My Math Forum Motion Equations: Velocity Eliminate time?
 User Name Remember Me? Password

 Physics Physics Forum

 August 8th, 2018, 04:17 AM #1 Senior Member   Joined: Oct 2015 From: Greece Posts: 137 Thanks: 8 Motion Equations: Velocity Eliminate time? I'm reading a Physics book and currently I'm in the Motion chapter. This chapter shows how you can calculate the motion equations. Below I'm going to give you a photo of what I did so far and inside a red rectangle you can see the equation which I can't calculate. The problem is to eliminate the time quantity for velocity's equation. I tried solving a second degree equation in order to find t and replace it into the velocity's equation, but I just could not solve it: Last edited by skipjack; August 8th, 2018 at 08:55 AM. August 8th, 2018, 04:41 AM #2 Senior Member   Joined: Feb 2016 From: Australia Posts: 1,838 Thanks: 653 Math Focus: Yet to find out. Why not solve the first degree equation for $t$ instead? August 8th, 2018, 04:53 AM   #3
Senior Member

Joined: Oct 2015
From: Greece

Posts: 137
Thanks: 8

Quote:
 Originally Posted by Joppy Why not solve the first degree equation for $t$ instead?
LoL I'm stupid, forget about this thread   Why do I always think of the hard way first? And then getting so absorbed by it that I can't see there is a simpler way...

Last edited by skipjack; August 8th, 2018 at 08:55 AM. August 8th, 2018, 04:56 AM #4 Senior Member   Joined: Oct 2015 From: Greece Posts: 137 Thanks: 8 By the way just from curiosity, is there a way to find time by solving a second degree equation and taking all the 3 possibilities from the distinctive (<0, =0, >0)? Or it's impossible? If it's possible, I would like to see a solution. Last edited by skipjack; August 8th, 2018 at 08:56 AM. August 8th, 2018, 05:06 AM #5 Senior Member   Joined: Feb 2016 From: Australia Posts: 1,838 Thanks: 653 Math Focus: Yet to find out. Yes a good exercise. You may actually find more insight into what the variables describe Thanks from babaliaris August 8th, 2018, 06:01 AM #6 Senior Member   Joined: Oct 2015 From: Greece Posts: 137 Thanks: 8 I did it!!! Can you take a look and answer my comments (inside the images)??? First Page: https://image.ibb.co/bRe6Dz/first.jpg Second Page: https://image.ibb.co/iD3Ytz/second.jpg Third Page: https://image.ibb.co/jX07Le/third.jpg Last edited by babaliaris; August 8th, 2018 at 06:04 AM. August 8th, 2018, 01:39 PM #7 Math Team   Joined: Jul 2011 From: Texas Posts: 3,016 Thanks: 1600 $v_f = v_0 + at \implies t = \dfrac{v_f-v_0}{a}$ $\Delta x = v_0 \cdot t + \dfrac{1}{2}at^2$ substitute for $t$ ... $\Delta x = v_0 \left(\dfrac{v_f-v_0}{a}\right) + \dfrac{a}{2} \left(\dfrac{v_f-v_0}{a}\right)^2$ $\Delta x = \dfrac{v_0v_f - v_0^2}{a} + \dfrac{a(v_f^2 - 2v_fv_0 + v_0^2)}{2a^2}$ $\Delta x = \dfrac{2v_0v_f - 2v_0^2}{2a} + \dfrac{v_f^2 - 2v_fv_0 + v_0^2}{2a}$ $\Delta x = \dfrac{2v_0v_f - 2v_0^2+v_f^2 - 2v_fv_0 + v_0^2}{2a}$ $2a \Delta x = v_f^2-v_0^2 \implies v_f^2 = v_0^2 + 2a \Delta x$ Thanks from babaliaris Tags eliminate, equations, motion, time, velocity Thread Tools Show Printable Version Email this Page Display Modes Linear Mode Switch to Hybrid Mode Switch to Threaded Mode Similar Threads Thread Thread Starter Forum Replies Last Post markosheehan Applied Math 2 September 13th, 2016 08:23 AM Usama Farooq Geometry 2 September 7th, 2015 04:32 PM kunz398 Calculus 2 May 14th, 2015 07:20 AM blueye89 Algebra 2 December 18th, 2012 05:34 PM Chikis Algebra 7 October 5th, 2012 10:03 PM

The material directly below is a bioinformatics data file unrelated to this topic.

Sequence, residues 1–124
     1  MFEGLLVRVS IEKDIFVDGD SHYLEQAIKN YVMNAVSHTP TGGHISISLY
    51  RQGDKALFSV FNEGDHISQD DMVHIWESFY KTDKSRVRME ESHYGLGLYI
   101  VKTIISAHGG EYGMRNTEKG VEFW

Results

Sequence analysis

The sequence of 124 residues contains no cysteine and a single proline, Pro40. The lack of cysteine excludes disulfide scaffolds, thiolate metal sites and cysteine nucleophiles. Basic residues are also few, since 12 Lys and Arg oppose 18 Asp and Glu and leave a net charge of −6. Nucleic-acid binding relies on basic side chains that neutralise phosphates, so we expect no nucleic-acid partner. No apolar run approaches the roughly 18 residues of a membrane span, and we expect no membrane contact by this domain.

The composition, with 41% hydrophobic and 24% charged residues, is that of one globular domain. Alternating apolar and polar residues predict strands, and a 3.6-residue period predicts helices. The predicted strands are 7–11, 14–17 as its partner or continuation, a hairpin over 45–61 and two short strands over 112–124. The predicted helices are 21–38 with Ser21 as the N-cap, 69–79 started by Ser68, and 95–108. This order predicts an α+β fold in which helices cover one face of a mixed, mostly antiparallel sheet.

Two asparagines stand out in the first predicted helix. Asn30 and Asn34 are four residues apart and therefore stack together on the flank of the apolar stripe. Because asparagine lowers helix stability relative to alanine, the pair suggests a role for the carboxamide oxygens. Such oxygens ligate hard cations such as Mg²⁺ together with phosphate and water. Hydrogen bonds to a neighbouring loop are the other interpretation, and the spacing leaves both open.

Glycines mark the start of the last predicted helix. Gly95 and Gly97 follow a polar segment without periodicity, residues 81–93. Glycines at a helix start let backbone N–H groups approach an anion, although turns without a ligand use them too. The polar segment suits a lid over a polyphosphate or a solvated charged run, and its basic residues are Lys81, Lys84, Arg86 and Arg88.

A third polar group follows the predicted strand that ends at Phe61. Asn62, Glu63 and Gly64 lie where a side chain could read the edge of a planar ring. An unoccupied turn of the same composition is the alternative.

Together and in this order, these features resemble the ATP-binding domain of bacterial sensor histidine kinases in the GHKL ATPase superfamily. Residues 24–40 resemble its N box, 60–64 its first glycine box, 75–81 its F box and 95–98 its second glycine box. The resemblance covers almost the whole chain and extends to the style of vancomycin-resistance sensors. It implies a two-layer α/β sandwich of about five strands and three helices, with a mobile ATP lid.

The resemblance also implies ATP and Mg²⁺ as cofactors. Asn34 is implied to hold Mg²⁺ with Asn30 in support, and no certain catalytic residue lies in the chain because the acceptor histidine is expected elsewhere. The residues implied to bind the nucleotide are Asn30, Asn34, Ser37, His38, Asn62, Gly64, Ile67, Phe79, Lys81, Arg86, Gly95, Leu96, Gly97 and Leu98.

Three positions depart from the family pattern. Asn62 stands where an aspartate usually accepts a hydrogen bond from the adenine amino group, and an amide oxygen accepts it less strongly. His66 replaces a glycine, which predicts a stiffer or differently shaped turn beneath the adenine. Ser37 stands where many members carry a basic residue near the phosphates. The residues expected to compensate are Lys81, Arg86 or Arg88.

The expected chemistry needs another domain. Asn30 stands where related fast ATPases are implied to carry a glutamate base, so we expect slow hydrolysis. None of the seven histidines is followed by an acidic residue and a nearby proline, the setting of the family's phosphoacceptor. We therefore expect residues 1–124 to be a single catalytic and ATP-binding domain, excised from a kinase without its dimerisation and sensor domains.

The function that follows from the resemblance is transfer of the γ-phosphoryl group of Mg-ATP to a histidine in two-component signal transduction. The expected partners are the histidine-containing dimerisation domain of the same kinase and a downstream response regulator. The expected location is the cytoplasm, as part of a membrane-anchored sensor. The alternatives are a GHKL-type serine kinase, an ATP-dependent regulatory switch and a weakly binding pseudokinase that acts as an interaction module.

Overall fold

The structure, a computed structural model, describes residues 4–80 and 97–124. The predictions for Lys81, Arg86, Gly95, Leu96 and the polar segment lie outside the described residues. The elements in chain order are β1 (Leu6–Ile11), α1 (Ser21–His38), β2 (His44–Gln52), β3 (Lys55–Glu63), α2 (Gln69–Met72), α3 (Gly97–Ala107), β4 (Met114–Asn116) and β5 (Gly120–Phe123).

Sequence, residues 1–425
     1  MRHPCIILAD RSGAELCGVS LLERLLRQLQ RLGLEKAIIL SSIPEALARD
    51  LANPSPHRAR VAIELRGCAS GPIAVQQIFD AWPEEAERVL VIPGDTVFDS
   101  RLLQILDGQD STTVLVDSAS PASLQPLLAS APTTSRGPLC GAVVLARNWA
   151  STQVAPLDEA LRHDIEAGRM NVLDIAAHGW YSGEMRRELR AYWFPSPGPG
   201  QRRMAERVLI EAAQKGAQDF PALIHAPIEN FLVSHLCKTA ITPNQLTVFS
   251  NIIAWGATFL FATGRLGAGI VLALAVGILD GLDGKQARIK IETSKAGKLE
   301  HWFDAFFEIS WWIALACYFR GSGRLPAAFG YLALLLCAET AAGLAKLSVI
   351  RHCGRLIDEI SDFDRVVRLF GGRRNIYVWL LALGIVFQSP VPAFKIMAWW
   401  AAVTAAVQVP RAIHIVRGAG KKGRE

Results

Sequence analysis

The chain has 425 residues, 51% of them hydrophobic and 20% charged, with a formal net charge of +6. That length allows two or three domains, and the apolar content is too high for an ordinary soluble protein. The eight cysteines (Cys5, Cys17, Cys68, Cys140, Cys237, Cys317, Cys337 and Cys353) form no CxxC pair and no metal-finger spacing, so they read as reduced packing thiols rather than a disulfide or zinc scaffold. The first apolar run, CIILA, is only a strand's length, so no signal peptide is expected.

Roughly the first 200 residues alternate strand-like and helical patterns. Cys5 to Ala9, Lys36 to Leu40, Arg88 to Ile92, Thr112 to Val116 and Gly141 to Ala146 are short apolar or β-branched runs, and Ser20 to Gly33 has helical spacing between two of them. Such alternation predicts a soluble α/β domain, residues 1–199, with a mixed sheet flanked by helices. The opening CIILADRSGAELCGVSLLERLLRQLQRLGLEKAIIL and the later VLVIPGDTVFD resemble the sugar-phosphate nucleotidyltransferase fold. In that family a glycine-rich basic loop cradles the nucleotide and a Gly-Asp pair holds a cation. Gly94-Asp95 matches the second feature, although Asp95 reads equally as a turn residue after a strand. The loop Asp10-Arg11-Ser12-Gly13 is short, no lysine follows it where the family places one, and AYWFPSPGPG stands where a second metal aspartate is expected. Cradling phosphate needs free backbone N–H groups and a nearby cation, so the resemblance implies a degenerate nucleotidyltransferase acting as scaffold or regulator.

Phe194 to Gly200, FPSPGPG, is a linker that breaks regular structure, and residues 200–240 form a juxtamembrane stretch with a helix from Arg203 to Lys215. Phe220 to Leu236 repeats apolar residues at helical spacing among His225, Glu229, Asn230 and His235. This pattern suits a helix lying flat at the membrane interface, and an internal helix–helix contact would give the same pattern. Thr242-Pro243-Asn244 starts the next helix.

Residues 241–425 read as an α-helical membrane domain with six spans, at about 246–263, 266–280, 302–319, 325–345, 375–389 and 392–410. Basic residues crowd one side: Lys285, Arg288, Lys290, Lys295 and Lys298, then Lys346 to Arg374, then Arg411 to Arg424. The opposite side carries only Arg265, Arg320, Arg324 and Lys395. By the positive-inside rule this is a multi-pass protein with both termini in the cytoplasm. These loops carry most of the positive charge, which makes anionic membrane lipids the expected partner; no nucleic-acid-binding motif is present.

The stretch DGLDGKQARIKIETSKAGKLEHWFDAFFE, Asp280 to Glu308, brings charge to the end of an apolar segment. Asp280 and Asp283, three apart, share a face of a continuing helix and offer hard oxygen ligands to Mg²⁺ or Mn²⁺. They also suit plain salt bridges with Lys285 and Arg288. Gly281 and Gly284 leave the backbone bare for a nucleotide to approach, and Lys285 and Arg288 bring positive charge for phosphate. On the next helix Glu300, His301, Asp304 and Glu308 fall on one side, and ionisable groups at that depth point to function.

Contact - Home - Forums - Cryptocurrency Forum - Top